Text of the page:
public Person(string name)
{
_name = name;
}

public string Name
{
get
{
return _name;
}
set
{
_name = value;
}
}
}

public static void Main(string[] args)
{
Person p = new Person("mark");
ChangePersonName(p);

//this will print "new name"
Console.WriteLine(p.Name);
}

public static void ChangePersonName(Person p)
{
p.Name = "new name";
}
In your example I would change the MakeFullName function return a string as
the result.

The ref keyword is only required when you want to pass value types like
references, which in my opinion is usually not desirable as it makes code not
as readable. You do not need the ref keyword to pass normal reference types
by reference, this will happen automatically.

Also beware that structs are value types not reference types :-)

Hope that helps
Mark R Dawson

"Maxim" wrote:
Hi!

A have a string variable (which is a reference type).
Now I define my Method like that:

void MakeFullName(string sNamePrivate)
{
sNamePrivate+="Gates"
}

The calling code:
string sName="Bill";
MakeFullName(sName);

My variable sName wasn't changed (the same "Bill"). String is a
reference type and I would expect
that it will be passed by reference without defining the method
parameter as "ref". Only after defining it as "ref" I get the expected
result ("BillGates").
void MakeFullName1(ref string sNamePrivate)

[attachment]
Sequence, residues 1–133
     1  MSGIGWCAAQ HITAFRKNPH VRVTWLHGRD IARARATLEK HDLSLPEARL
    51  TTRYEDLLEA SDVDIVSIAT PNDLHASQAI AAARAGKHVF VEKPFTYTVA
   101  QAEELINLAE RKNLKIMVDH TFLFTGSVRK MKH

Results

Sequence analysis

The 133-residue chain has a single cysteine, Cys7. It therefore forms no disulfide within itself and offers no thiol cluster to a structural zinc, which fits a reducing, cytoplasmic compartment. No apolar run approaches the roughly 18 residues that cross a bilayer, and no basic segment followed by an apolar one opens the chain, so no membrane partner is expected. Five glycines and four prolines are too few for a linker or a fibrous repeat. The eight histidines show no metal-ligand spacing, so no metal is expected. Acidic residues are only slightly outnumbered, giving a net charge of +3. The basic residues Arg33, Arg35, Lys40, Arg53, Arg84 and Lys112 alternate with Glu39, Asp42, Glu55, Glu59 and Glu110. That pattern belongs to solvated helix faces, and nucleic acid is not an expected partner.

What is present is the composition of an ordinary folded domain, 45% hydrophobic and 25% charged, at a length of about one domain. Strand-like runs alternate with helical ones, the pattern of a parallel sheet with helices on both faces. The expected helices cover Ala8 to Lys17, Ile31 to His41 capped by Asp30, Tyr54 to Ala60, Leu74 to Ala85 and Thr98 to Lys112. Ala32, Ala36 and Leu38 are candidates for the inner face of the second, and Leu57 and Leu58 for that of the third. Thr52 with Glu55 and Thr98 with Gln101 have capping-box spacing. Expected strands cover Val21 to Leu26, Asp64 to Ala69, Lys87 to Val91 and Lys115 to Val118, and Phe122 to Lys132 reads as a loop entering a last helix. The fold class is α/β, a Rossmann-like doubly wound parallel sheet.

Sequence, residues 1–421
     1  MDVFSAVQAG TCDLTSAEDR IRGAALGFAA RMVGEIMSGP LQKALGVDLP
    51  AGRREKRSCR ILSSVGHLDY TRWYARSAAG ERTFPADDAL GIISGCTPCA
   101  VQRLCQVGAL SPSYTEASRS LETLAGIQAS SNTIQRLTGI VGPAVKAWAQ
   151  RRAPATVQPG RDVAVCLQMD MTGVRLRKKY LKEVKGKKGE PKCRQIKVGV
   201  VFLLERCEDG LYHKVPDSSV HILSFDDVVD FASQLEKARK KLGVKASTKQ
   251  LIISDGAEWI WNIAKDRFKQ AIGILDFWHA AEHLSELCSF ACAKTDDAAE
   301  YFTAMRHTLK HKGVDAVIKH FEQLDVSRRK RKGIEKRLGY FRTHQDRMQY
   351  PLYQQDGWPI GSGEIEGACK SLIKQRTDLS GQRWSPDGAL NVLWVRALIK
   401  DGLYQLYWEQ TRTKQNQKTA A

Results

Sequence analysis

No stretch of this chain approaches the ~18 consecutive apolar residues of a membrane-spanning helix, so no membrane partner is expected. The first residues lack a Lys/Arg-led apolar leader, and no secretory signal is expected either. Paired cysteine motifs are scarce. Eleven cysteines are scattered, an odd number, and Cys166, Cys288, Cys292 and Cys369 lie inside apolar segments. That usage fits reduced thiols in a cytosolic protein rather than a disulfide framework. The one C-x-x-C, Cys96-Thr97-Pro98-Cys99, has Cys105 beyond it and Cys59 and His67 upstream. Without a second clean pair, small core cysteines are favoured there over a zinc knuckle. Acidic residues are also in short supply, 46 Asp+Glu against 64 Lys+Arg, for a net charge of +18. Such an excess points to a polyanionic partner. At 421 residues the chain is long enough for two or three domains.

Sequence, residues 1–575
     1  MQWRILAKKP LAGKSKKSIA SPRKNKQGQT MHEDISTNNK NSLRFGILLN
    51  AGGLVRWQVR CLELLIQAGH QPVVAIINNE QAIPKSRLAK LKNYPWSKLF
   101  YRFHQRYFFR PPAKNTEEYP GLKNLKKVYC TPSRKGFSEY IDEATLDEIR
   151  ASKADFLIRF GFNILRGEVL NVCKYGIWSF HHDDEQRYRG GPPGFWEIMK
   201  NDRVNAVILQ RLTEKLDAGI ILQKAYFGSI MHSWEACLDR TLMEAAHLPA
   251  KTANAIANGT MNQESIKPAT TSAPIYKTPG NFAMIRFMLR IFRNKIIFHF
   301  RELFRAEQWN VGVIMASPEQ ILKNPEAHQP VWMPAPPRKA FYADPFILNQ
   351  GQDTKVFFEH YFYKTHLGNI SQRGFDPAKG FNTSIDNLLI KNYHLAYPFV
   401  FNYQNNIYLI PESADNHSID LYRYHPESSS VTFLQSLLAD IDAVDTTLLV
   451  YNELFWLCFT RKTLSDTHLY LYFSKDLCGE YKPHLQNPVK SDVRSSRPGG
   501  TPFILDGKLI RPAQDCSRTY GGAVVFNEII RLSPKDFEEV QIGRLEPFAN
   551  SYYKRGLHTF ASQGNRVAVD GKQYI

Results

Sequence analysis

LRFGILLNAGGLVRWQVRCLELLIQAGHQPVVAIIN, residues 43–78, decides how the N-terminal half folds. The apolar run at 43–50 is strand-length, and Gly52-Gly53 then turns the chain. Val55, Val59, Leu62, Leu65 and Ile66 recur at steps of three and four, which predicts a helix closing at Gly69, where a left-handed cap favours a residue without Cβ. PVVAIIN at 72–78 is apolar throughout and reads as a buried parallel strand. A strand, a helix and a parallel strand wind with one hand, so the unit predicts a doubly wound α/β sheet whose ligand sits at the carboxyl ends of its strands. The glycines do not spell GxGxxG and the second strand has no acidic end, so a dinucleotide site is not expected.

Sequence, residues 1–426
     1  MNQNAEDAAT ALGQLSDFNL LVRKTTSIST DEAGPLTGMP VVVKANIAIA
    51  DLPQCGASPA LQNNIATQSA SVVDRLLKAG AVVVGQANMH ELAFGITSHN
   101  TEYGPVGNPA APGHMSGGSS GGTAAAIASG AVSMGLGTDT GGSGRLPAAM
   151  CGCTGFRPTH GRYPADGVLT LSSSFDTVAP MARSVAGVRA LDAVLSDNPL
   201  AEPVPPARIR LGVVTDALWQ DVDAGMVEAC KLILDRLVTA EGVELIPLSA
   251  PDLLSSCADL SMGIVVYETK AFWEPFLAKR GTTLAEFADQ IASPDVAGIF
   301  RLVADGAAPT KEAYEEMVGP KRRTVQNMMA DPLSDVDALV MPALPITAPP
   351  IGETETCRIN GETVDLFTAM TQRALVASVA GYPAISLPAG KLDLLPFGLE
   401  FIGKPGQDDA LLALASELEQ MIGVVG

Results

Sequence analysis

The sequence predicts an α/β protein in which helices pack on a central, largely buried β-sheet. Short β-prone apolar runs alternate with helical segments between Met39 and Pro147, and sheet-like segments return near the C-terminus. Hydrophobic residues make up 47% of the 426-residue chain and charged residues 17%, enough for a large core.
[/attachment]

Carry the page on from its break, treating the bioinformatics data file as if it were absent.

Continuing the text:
{
sNamePrivate+="Gates"
}

The calling code:
string sName="Bill";
MakeFullName1(ref sName);

In the following article Jesse Liberty explicitly says, that reference
parameters are passed by reference:
http://www.ondotnet.com/pub/a/dotnet...ps.html?page=2

"Value types are passed to methods by value (a copy is made) while
reference types are effectively passed by reference."

Does it mean, that unless I declare my paramter as "ref" my value
outside the mehtod is never changed?

Thanks for you help.

Maxim


Nov 17 '05 #9

P: n/a
"Mark R. Dawson" wrote:
Hi Maxim,
you chose an unfortunate example for your testing. A string is a
reference type object but it has value type semantics, meaning a string is
immutable.


I never understood why people keep making this false claim. a string has
absolutely no value type semantics what-so-ever. and value type semantic
does not mean immutability, because value types are totally mutable. the
only time a value type becomes immutable is when it's boxed, and ironically
at which point, it ceased to be a value type.

a string acts exactly like how any other reference types work, with one
exception, it's immutable.
Nov 17 '05 #10

P: n/a
you are absolutely correct.

what gets most people confused is that passing a variable "by value" or "by
reference" has nothing to do with variable being a value type or reference
type.

you can pass a value type by value, pass a value type by reference, pass a
reference type by value or pass a reference type by reference. and without
"ref" keyword (or "out") everything is passed by value.

for more information, check out Jon Skeet's little article
http://www.yoda.arachsys.com/csharp/parameters.html

"AdamM" wrote:
Hi Maxim,

I think it means that unless you explicitly declare otherwise (by using
"ref"), then assume that